What Makes a Rembrandt a Rembrandt?

On Sunday, Feb. 19, the Cleveland Museum of Art opens the first major exhibition to explore in depth the collecting of Rembrandt paintings in America. Organized by the Cleveland Museum of Art, the North Carolina Museum of Art, Raleigh and the Minneapolis Institute of Arts, the exhibition takes a look at the artist’s contributions and more importantly, what makes a Rembrandt truly a Rembrandt.

Famous painter Rembrandt Harmenszoon van Rijn, born July 15, 1606, is generally considered one of the greatest painters in European history. Though his life was marked with personal tragedy and financial hardships, his paintings were incredibly popular throughout his time, and to this day Rembrandt is easily recognized for his contributions during the Dutch Golden Age.

Consisting of approximately 50 works, the exhibition brings together autographed paintings by Rembrandt as well as others thought to be by the artist when they entered American collections, but whose attributions can no longer be maintained. The exhibition presents a survey of the long career of Rembrandt as a painter, including his studio and a broader network of adapters, followers and copyists. Rembrandt in America offers the public the rare opportunity to examine the evolving opinions and methods of scholars and collectors regarding what constitutes an autograph Rembrandt painting.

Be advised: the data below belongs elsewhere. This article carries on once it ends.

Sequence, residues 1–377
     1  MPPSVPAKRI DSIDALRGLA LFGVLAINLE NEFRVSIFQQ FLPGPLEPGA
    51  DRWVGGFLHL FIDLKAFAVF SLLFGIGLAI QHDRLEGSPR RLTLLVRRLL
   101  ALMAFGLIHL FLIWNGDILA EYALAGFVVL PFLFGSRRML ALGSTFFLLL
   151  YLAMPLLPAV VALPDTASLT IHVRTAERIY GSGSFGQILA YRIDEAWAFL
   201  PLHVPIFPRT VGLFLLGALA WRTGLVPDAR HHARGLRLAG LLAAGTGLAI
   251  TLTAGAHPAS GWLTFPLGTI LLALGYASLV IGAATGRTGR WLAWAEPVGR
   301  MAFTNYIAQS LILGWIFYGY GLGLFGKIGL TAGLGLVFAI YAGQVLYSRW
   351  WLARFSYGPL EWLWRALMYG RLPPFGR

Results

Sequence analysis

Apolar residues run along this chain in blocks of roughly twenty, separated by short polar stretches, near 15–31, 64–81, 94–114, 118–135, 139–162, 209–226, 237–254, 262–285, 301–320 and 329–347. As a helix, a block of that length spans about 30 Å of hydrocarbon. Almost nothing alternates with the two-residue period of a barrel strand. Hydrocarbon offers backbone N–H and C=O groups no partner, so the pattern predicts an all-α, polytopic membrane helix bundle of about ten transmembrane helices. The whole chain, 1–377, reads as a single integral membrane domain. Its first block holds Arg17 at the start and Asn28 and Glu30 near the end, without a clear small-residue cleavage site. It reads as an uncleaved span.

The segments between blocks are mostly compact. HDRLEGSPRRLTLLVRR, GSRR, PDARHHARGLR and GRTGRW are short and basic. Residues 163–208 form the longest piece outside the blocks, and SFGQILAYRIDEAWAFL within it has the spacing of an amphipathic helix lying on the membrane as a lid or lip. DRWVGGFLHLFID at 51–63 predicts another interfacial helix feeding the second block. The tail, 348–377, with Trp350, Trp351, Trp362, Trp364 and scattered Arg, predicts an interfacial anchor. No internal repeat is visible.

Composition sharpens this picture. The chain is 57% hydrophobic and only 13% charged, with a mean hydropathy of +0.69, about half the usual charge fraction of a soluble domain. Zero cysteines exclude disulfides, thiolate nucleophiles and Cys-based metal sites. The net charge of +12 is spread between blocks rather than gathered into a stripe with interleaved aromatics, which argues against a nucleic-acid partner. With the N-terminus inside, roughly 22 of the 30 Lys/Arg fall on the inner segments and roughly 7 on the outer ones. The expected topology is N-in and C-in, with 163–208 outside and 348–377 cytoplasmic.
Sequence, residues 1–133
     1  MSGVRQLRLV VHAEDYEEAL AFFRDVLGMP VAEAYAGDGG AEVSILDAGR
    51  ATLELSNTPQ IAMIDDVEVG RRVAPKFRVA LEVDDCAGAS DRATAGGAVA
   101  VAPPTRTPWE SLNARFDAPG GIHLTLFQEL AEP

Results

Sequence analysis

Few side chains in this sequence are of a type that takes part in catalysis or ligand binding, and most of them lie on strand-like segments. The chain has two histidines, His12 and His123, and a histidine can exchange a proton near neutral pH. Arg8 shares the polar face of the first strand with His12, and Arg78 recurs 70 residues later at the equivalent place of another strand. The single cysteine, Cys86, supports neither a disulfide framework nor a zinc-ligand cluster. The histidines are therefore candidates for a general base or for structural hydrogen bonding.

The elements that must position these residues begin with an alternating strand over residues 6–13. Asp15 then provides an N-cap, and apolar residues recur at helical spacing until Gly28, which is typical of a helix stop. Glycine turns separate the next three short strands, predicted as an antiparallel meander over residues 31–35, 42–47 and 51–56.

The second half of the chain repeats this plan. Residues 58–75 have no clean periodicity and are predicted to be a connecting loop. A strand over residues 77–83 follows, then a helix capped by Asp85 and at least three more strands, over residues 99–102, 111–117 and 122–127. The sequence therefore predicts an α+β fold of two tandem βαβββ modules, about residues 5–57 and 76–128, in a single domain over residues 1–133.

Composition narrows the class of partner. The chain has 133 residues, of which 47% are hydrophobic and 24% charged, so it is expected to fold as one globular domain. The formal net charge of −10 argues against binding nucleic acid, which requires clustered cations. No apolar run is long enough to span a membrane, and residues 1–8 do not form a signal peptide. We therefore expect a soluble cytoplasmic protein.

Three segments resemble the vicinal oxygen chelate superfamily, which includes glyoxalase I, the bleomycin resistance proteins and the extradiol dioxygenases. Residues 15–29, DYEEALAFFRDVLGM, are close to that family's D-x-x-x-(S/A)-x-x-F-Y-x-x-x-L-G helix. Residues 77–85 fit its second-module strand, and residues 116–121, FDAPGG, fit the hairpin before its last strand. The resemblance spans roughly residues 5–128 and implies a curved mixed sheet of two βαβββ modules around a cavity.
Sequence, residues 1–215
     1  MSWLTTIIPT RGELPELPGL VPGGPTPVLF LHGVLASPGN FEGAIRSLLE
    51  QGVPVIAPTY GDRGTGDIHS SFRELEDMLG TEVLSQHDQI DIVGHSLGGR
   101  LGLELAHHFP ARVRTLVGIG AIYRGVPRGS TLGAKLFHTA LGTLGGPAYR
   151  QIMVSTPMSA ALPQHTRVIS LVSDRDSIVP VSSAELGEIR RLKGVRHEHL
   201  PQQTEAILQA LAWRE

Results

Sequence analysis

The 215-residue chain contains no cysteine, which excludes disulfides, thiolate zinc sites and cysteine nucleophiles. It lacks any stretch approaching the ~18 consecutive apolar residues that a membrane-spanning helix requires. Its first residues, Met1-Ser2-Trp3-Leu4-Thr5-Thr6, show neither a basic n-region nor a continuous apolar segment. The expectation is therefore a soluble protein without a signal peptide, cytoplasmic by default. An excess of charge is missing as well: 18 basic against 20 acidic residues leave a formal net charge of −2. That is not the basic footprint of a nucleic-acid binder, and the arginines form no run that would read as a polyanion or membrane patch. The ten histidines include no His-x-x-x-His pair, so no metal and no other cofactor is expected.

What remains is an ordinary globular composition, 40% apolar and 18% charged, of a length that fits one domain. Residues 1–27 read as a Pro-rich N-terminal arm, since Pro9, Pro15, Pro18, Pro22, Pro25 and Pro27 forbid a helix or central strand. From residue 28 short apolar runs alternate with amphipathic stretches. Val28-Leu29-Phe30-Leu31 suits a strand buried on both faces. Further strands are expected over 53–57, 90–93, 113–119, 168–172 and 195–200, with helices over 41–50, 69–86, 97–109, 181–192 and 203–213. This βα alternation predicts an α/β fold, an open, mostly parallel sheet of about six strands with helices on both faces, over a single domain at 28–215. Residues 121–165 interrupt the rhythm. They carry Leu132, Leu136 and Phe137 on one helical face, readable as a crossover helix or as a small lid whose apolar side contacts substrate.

Rembrandt in America begins Feb. 19 and runs through May 28, 2012 in the Kelvin and Eleanor Smith Foundation Exhibition Hall at the Cleveland Museum of Art. Tickets are $14 for adults, $12 for seniors and students, $7 for children 6-17 and free for children five and under. Discounted admission is available for groups of ten or more. Email groupsales@cleveland.org for more information or to buy your group’s tickets.

- Corinne Allie


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